It’s been a crazy week (or three), and I’ve gotten behind on posting. I promise to get caught up soon.
But for now, I’m really going to put myself out there.
Today I’m going to deviate somewhat from the general sort of thing I’ve been posting on here, to talk about another kind of subject that’s challenging: faith.
Talking about my religion or lack thereof has been something you couldn’t get me to get near with a ten foot pole. At one point in my life I was a “Born Again” bible scholar who knew what “truth” was. Shortly after the scarlet letter of getting pregnant outside of wedlock and having a dear friend kill himself because he couldn’t change being who he was (gay) I was done with the church, as it was done with me. I had my friends who adhered to numerous faiths, and even a beloved misfit church in Portland that I loved to visit and called home… but outside of that I stuck to the cliché of being “spiritual, not religious.”
You see, I never doubted the existence of there being something there. My life has been far too, well, an adventure with some obvious hand guiding me, for me to doubt. I was on a crazy cross-country road trip with my daughter in 2008 in a car I converted to run on waste veggie oil, 13,000 miles in two months–and we were always taken care of. Something in my gut would tell me to check out this farmer’s market, and an hour later we were on our way to stay as honored guests at a beautiful off the grid farm in Vermont. The car would be breaking down, and *just* as I was slowing down on the shoulder a dear friend called to see if I needed any donations for the trip. I needed this money, badly. I was down to my last $5. Somehow, I was always taken care of, just in the knick of time.
Betty, our old single tank WVO Mercedes on the first major trip we took her on.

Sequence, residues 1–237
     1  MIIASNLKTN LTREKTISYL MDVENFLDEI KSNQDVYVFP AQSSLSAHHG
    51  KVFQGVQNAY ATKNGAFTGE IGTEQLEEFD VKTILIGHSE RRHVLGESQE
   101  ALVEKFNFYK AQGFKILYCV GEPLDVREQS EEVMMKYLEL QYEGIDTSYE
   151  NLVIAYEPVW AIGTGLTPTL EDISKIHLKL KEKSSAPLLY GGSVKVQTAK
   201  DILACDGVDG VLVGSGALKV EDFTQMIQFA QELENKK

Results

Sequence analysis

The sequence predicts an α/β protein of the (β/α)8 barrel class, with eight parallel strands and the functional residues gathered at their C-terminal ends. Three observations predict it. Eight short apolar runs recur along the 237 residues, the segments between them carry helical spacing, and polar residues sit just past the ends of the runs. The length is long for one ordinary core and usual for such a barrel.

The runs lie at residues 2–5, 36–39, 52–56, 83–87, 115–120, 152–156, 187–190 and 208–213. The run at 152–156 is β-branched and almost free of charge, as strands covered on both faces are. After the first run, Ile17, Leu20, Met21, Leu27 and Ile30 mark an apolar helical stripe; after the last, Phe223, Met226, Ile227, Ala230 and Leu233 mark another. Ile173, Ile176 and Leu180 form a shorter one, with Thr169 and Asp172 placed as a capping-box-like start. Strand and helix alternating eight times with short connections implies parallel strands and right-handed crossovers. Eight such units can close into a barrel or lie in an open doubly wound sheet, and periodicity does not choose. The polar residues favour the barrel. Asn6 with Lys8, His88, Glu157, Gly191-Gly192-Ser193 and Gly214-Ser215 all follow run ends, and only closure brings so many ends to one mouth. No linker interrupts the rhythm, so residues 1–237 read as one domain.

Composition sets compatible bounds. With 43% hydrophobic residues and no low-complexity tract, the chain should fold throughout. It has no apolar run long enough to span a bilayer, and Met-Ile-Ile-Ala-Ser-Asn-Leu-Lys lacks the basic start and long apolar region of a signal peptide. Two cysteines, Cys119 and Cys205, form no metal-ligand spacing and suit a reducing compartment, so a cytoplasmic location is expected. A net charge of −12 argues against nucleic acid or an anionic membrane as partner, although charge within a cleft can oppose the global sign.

Some of the stuff I’ve seen and experienced sound like I made them up. After a while, I start to doubt them and believe I did. Then someone will remind me, like my mom telling me that when I was in first grade I said that I would be a single mom to a little girl when I was older, and would draw a little girl with short, dark hair holding my hand. Somehow, I knew I would have her, and only her.
My Olive, at nine years old.
“Why bring this up now?” you might ask. Well, it happened again today, as it has been for weeks.
This morning I had a conversation with my dear friend who owns and is selling the house I’ve been living in this last year. At the end of this month it’s time for me to find a new place, and this threw me for a bit of a tail spin. I’m just launching a business and battling with the high start up costs of getting the proper gear and tools that I need. Where would we go? How would we deal with not moving my daughter? I had been planning on travelling part time for work on the west side of the Cascades (Portland, Seattle, Vancouver and the rest) part time and editing the work at home.
Then, out of the blue, just now a friend Skypes me from India to see if I would be open to house sitting for her through the Spring. Her house is in Olive’s elementary school boundary. I will save quite a bit of money while helping her, and will allow me to travel for work. I had told no one.
The minute I start to doubt, I experience a moment like this.
I sit here now, humbled. Grateful.
Also, my dear Mike who ended up in a coma is out of the ICU and making great progress. Beating the odds.
There’s quite a bit to the story that I’m leaving out, but I fear it could overwhelm the reader as much as it’s overwhelming me so will leave it here for now. I still don’t claim to know the truth of know the exact nature of God or the Universe or whatever you wish to call that, well, concept/thing/idea… I just know that every time I let go that something catches me. That somehow there is a purpose to my life pushing me forward. And that I’m not alone in this.
Whoever you are, you are loved. You deserve to be loved just because you exist. You are no accident, and there is a reason why you are here.
Thanks to all who remind me of this when I forget.